This knowledge must translate into action. We must use this data to press for solutions that benefit us all, not just a few. Data on pollution levels in my neighbourhood might, hopefully, spur me to fight for more public transport, stagger my use of automobiles or campaign for better pollution measures at nearby factories.
What can the #Breathe do?
While our eventual objective is that the data we generate should lead to policy action, there are many other ways these data can help us.
We are in conversation with doctors specializing in respiratory diseases in Mumbai hospitals to see how we can correlate air quality to respiratory disease. Awareness is low. A recent IndiaSpend story showed, for instance, how only 57% of those surveyed with hypertension knew they had it.
Air pollution is silent and kills slowly. Cigarette smoke is an example. We also hope that these data can be used to answer questions about pollution-generation patterns in large cities, such as Mumbai and Delhi:
- Are there safe times to leave home?
- What makes some times of the day unsafe and other times safe?
- Why is the Air Quality Index consistently bad in some parts of the city?
- What can citizens living in these areas do?
Some parents choose schools for their children in Delhi depending on how well air-conditioned these classrooms are – and thus insulated from pollution. There are many other solutions we can explore.
What technology does the #Breathe use
Low-cost sensors are a new phenomenon. Coupling them with general packet radio service (GPRS)-based transmitters, as we have done, is an innovation. In simple language, our sensors can automatically and continuously stream data through a mobile network.
Many high-end sensors and air quality measuring devices — apart from the fact that they are expensive — do not usually come with transmission capabilities.
Customization of such technology for local conditions is important. There is even a term for this: sensor journalism, broadly a subset of data journalism, which IndiaSpend pioneered in India.
In rolling out this network, we are getting close to the source of data and thus eliminating one round of collection errors or interpretations. We consistently benchmark our devices against high-end devices to check and analyse variations.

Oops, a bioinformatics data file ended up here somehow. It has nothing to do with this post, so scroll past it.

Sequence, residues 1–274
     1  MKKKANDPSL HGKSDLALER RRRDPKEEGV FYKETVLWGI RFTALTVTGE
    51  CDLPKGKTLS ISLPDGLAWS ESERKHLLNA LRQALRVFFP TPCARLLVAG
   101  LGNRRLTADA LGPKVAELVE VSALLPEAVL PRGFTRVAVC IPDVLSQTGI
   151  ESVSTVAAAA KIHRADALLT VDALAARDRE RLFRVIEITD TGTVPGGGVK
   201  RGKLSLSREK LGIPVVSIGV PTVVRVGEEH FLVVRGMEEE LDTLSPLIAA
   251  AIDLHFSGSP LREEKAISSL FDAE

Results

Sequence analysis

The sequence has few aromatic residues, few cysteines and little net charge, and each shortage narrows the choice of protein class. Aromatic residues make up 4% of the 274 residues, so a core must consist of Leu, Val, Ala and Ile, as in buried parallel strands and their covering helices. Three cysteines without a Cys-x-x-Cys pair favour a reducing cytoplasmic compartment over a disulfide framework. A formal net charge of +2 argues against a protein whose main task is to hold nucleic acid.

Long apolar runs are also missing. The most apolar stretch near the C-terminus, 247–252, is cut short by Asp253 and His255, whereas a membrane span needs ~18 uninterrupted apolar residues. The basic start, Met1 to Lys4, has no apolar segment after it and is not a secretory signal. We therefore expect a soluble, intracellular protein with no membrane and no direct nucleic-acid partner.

Nevertheless, our data, thanks to our low-cost sensor approach, may be potentially challenged. It should be. We welcome that because it will help make this project and endeavour truly collaborative and interactive.
So, go ahead, join the #Breathe Awareness Movement. Click here
How the #Breathe project will roll out
We are rolling out our #Breathe project in two phases. In the first phase, we will install our own boxes in several locations across India. In the second phase, we invite you to host your own data stations.
You could run your own data station in two ways. First, you can buy the box from us, helping subsidize some of our project costs. Second, you could build or source your own box and join our network. That way, you can see your own data and see how the collective net of data sources appears. We obviously will acknowledge your effort on our site.
We are also working on ways to distribute the data via social media, so the air quality data in your neighbourhood is pushed to you as opposed to you pulling it.
Reach us: firstname.lastname@example.org
#Breathe has been made possible by a team led by Ronak Sutaria and also including Somin Soni (IIT Bombay), Johnson Chetty, Tejas Raval & Shaibaz Mulla. Our thanks to big data researcher Umesh Kalaspurkar & Professor Jitendra Shah at IIT Bombay.